Monday, November 3, 2014

A huge conflict of interest -- more from Meredith Broussard's Atlantic piece on textbook companies and standardized tests

[The scheduler sometimes does weird things. This was meant to be the second of two excerpts. Sorry about the confusion.]

You need to read this:

Put simply, any teacher who wants his or her students to pass the tests has to give out books from the Big Three publishers. If you look at a textbook from one of these companies and look at the standardized tests written by the same company, even a third grader can see that many of the questions on the test are similar to the questions in the book. In fact, Pearson came under fire last year for using a passage on a standardized test that was taken verbatim from a Pearson textbook.

The issue often has as much to do with wording as it does with facts or figures. Consider this question from the 2009 PSSA, which asked third-grade students to write down an even number with three digits and then explain how they arrived at their answers. Here’s an example of a correct answer, taken from a testing supplement put out by the Pennsylvania Department of Education:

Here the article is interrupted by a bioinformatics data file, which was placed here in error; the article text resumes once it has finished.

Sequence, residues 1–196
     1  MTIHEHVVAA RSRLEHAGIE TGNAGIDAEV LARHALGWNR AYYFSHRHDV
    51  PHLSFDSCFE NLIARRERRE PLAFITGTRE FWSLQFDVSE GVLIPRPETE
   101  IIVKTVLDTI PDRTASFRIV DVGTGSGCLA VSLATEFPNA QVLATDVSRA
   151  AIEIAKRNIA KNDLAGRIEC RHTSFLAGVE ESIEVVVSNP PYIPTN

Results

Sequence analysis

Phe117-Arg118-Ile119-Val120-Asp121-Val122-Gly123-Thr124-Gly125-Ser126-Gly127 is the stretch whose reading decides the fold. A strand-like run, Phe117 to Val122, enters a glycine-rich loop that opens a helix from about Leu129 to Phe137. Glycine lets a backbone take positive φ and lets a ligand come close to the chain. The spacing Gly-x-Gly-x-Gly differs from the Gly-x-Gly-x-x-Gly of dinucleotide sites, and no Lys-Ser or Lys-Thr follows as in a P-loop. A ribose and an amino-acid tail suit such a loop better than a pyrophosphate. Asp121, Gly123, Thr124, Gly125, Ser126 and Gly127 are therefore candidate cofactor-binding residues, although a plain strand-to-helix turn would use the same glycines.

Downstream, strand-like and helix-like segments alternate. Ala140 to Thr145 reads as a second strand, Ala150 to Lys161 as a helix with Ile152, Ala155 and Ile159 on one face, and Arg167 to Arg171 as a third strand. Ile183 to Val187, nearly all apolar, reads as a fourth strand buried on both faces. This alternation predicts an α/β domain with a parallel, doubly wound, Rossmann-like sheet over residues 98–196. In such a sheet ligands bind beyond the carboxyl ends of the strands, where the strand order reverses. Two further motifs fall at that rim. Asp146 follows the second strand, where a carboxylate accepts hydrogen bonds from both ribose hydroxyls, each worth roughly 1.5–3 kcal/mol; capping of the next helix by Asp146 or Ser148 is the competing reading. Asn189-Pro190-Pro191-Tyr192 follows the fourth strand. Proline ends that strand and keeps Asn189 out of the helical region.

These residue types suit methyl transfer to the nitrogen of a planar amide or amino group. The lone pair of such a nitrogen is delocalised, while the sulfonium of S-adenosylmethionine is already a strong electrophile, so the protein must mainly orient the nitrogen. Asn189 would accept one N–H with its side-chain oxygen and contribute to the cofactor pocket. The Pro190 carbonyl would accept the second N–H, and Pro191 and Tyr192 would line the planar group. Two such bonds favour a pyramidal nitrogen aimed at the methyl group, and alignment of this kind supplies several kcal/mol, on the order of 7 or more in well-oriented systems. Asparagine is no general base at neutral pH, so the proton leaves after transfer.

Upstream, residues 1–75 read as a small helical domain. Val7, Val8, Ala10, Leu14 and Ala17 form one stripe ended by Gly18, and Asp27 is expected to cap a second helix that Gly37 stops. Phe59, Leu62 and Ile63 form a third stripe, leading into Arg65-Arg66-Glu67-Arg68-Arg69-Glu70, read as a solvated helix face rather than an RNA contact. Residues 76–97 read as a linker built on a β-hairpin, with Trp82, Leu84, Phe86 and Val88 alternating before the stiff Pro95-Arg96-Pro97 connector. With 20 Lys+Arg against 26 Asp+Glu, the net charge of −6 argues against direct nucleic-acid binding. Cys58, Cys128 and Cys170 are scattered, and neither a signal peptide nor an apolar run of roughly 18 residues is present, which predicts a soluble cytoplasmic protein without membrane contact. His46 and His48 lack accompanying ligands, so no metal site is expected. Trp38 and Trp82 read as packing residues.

Here’s an example of a partially correct answer that earned the student just one point instead of two:

This second answer is correct, but the third-grade student lacked the specific conceptual underpinnings to explain why it was correct. TheEveryday Math curriculum happens to cover this rationale in detail, and the third-grade study guide instructs teachers to drill students on it: “What is one of the rules for odd and even factors and their products? How do you know that this rule is true?” A third-grader without a textbook can learn the difference between even and odd numbers, but she will find it hard to guess how the test-maker wants to see that difference explained.

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